Experimentation: banana, date and maple syrup loaf

As you may have surmised, I’m being tempted by the ‘sweet poison’ movement. Not totally swayed, but intrigued. Personally, I think that everything in moderation is good. But having said that, I am a total sweet tooth and so, in an attempt not to replicate that in my children and also as an attempt to not develop diabetes, I have been taking active steps to cut down on my processed sugar consumption.

At first, I thought the whole no sugar movement was unfathomable. Nothing sweet ever again? No way. But then I flicked through Sarah Wilson’s ‘I Quit Sugar’ cookbook at my friend’s place and realised that it’s not about eliminating everything sweet from your life, but rather about replacing the high fructose, processed sugars with stuff that… um… is not (processed, that is).

So with that in mind, I share with you my latest creation. Someone else may have designed this recipe elsewhere, but I haven’t seen it. I say this because I recently read an outraged food blogger talking about how their recipes had been ‘stolen’ (posted without credit) by other bloggers. (You’ll notice that I tend to attribute my inspiration and sources, must be the academic coming out). My friend Resa was telling me the other day about a ‘life loaf’, which is basically a type of seedy, fruity, nutty bread filled with lots of good stuff and no bad stuff. I really like the idea of it but, when I looked in my cupboard, realised that I wasn’t in a position to attempt it. However, we did have a big box of medjool dates and some very ripe bananas, so I went from there. Apologies in advance but I can’t post pictures right now, but things should be good shortly…

Banana, date and maple loaf

You will need:

1 overflowing cup of dates, chopped coarsely

1 cup water

90 g butter, margarine or (probably but I haven’t tried it) coconut oil

1/4 cup maple syrup

2 eggs

1 3/4 cups self-raising flour, sifted (as usual, I used gluten-free flour)

2 ripe bananas, mashed

1. Preheat your oven to 180C. Line a loaf tin (I never bother with greasing it, cos I love that baking paper stuff)

2. In a medium saucepan, put dates and water. Cook over low-medium heat, stirring regularly, until they go thick and jam-like. I like to leave it at about the thickness of thick yoghurt (not too runny, but not toooo thick).

3. Stir in the butter. The dates are nice and hot, so it should melt pretty quickly. Stir it well. Let it cool for a little while.

4. Working quickly, add the maple syrup. Then add the eggs and beat them in. If you go too slowly, they’ll start to cook. Not such a big bad deal but if you can make sure that they are spread through the date mix before that happens.

5. Stir in the flour and mashed bananas. The mix should be pretty thick by now, but not so the spoon will stand up in the mix. If it does, add about 1/4 cup of milk, or enough to make the mix like a fairly stiff cake batter. When I post my photos, you should get a sense of how you want it to look.

6. Pour it into the prepared tin and place in oven. Bake for about 60-70 minutes or until it’s lovely and brown. Please note that if you stick a skewer in to test the cake, it won’t come out perfectly clean; this is a pretty dense cake.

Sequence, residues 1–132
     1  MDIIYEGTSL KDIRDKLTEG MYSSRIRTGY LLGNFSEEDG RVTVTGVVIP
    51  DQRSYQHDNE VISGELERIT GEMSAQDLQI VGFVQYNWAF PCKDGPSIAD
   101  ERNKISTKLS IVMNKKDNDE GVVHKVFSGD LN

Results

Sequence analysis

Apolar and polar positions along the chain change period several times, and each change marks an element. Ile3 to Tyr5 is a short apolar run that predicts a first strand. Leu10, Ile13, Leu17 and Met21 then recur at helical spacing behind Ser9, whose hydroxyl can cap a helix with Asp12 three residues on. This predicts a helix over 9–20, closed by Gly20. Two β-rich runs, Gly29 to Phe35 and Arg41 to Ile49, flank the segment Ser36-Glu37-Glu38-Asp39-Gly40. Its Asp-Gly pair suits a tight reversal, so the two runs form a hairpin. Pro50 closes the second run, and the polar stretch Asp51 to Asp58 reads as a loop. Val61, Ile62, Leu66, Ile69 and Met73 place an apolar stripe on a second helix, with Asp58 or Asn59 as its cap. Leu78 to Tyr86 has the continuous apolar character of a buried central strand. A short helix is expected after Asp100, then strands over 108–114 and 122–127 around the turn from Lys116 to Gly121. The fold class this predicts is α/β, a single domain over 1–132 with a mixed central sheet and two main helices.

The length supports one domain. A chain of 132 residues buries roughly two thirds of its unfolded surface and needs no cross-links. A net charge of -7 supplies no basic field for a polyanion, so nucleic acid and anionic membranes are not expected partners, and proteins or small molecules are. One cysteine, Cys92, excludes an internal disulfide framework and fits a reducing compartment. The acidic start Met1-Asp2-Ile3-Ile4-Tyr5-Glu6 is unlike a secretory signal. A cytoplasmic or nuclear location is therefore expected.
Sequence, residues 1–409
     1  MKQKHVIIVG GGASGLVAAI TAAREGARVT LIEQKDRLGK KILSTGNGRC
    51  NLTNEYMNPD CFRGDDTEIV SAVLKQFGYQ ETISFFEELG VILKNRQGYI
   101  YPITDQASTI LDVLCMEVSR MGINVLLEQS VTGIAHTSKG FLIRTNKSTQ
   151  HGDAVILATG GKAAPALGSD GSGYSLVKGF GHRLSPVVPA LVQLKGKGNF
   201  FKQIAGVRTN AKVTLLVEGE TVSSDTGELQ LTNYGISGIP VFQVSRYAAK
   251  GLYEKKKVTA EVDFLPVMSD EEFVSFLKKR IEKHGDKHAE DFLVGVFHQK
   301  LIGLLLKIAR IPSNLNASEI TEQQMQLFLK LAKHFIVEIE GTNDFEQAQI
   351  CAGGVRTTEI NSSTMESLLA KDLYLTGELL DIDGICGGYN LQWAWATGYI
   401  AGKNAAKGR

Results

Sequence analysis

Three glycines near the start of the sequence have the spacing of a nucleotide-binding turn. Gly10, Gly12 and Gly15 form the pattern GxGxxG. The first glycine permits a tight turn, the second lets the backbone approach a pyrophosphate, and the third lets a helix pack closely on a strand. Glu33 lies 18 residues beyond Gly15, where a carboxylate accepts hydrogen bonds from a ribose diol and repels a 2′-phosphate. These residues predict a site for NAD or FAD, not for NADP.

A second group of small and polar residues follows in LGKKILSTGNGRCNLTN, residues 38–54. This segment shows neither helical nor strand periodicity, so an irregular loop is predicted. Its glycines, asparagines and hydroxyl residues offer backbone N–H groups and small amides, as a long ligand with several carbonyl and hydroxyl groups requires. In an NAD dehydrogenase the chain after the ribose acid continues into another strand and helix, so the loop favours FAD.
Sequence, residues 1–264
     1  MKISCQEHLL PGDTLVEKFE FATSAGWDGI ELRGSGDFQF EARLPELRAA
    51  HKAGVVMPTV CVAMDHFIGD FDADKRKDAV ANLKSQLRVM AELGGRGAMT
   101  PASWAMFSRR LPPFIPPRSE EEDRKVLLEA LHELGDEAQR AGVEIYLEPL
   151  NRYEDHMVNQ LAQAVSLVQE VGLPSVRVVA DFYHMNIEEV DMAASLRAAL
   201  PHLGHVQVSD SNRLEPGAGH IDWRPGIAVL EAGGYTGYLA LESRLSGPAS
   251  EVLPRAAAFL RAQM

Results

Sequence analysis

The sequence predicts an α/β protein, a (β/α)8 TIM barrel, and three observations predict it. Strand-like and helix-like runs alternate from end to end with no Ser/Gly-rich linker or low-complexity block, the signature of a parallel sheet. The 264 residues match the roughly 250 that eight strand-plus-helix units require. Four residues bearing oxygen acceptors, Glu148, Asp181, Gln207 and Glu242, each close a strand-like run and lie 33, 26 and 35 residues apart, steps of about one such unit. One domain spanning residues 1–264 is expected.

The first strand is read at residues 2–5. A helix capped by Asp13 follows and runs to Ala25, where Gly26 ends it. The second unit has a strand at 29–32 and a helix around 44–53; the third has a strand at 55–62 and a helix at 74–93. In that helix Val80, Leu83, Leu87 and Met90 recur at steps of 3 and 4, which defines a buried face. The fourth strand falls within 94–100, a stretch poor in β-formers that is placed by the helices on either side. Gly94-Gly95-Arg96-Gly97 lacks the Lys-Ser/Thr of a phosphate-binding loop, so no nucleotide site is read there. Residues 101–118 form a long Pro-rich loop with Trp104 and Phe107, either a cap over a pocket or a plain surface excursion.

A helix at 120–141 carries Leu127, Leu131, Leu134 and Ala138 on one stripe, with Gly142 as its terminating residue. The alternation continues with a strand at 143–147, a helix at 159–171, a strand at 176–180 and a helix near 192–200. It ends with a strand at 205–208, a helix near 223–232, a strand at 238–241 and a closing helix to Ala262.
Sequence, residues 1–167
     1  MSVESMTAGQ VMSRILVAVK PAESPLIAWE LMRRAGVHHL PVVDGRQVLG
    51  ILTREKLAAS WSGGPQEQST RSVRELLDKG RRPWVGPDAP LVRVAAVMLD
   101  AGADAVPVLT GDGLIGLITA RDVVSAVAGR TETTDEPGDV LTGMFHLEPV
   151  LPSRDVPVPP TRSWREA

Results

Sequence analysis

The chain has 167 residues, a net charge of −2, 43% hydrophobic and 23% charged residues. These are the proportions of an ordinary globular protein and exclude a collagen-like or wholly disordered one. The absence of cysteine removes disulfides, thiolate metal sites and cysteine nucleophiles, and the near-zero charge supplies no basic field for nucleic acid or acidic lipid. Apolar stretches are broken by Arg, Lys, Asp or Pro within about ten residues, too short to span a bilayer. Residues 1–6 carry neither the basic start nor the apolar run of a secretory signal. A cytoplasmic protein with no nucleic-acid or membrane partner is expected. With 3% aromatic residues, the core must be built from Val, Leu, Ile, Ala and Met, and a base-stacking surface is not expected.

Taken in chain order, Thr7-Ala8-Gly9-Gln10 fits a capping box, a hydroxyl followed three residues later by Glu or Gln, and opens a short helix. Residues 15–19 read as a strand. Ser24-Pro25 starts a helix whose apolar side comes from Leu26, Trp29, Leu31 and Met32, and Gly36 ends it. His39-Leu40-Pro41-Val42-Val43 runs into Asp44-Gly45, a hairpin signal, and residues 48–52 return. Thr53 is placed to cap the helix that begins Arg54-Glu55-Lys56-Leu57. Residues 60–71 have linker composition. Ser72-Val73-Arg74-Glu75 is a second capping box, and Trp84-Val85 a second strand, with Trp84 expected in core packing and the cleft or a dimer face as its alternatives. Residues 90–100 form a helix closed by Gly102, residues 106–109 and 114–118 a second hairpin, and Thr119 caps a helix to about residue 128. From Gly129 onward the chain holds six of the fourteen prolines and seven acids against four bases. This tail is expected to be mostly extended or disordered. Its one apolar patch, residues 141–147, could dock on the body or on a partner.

7. Eat it! It’s especially nice when it’s hot but if you cut it into fairly small pieces, it’s delicious when cold too.

As an aside, I thought my kids would turn their noses up at this – but they, and our neighbour’s kids, couldn’t get enough of it. I guess it was sweet enough!





New babies, tricky toddlers, and hungry adults: Yummy scrummy muesli cookies…

A few weeks ago, I was visiting my parents in the ‘country’. I say ‘country’ and not country because they aren’t really anywhere really rural, but rather they live in a small town on the beach – but it’s hours (and hours… and hours, if you ask my kids) of driving away. Because it’s so far away, we only get down there a few times a year (it is hard to deal with seven hours of ‘how many minutes til we are at Nan’s?’ ‘I’m bored/tired/my legs are sore’ or general ‘waaaaaahhhhh’. This means that when we are there, I try to catch up with lots of people – even though I moved out of home over 20 years ago (gulp!), I still have friends in my home town; my siblings also all live nearby. This last visit, I was lucky to meet a brand new baby; he was actually 2 or 3 weeks old, but had been born a few weeks early, so it was near enough to brand new in my estimation. Of course, the Bubaloo doesn’t like me even touching other babies, so I just got to admire from afar, but the new one was delicious anyway. My youngest sister, TK, got a group of our friends with little ones together for a play (toddlers and preschoolers) and chitty chat (mums and dads) over morning tea.

One of the things with brand new babies is that they don’t sleep much – or at least, they don’t sleep much when they are meant to (like in the night) but then sleep lots when you want them awake. So mummies and daddies end up pretty tired, and therefore a pick-me-up is in order. If you’re breastfeeding, like TK, the new mum and I, the challenge is finding something that’s going to do the trick and give you a little energy boost, without being terribly bad for you or the baby. While coke or coffee might help with the energy spurt for mum, the same energy boost isn’t great for baby. I’m not sure about other breastfeeding mums but I have found that, when I’m nursing, I have a ridiculous sweet tooth, even more than at other times. As sugar isn’t really that great for you, I try to find other ways to satisfy the sugar craving without having a ton of the white stuff. That’s where these cookies come in.

This recipe is a true adaptation of one in a Woman’s Weekly cookbook. Many things have been substituted – I’ve included the original ingredients in parentheses in case you prefer that – as I was trying to ensure that it was low sugar, nut free, and that they would use everyday ingredients that I could find in my mum’s pantry. Since we got home, I’ve made them about once a week; they never last very long. As soon as my partner sees them, his eyes light up and he chomps down about six of them without drawing breath. I hope you find them as good as he does!